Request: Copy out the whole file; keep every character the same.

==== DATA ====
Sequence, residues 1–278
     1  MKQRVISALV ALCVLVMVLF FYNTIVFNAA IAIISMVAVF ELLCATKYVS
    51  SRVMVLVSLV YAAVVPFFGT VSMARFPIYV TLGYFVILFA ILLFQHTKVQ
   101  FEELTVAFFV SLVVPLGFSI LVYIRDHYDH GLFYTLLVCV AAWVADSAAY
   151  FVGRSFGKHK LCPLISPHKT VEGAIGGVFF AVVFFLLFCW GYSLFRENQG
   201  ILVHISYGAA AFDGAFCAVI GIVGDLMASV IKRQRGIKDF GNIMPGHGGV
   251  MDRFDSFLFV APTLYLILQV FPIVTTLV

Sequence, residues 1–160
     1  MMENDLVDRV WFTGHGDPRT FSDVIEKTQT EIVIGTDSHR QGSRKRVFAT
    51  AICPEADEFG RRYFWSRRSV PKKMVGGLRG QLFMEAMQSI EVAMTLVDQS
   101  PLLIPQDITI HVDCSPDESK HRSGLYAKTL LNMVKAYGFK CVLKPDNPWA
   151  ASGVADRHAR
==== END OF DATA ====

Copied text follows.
Sequence, residues 1–278
     1  MKQRVISALV ALCVLVMVLF FYNTIVFNAA IAIISMVAVF ELLCATKYVS
    51  SRVMVLVSLV YAAVVPFFGT VSMARFPIYV TLGYFVILFA ILLFQHTKVQ
   101  FEELTVAFFV SLVVPLGFSI LVYIRDHYDH GLFYTLLVCV AAWVADSAAY
   151  FVGRSFGKHK LCPLISPHKT VEGAIGGVFF AVVFFLLFCW GYSLFRENQG
   201  ILVHISYGAA AFDGAFCAVI GIVGDLMASV IKRQRGIKDF GNIMPGHGGV
   251  MDRFDSFLFV APTLYLILQV FPIVTTLV

Sequence, residues 1–160
     1  MMENDLVDRV WFTGHGDPRT FSDVIEKTQT EIVIGTDSHR QGSRKRVFAT
    51  AICPEADEFG RRYFWSRRSV PKKMVGGLRG QLFMEAMQSI EVAMTLVDQS
   101  PLLIPQDITI HVDCSPDESK HRSGLYAKTL LNMVKAYGFK CVLKPDNPWA
   151  ASGVADRHAR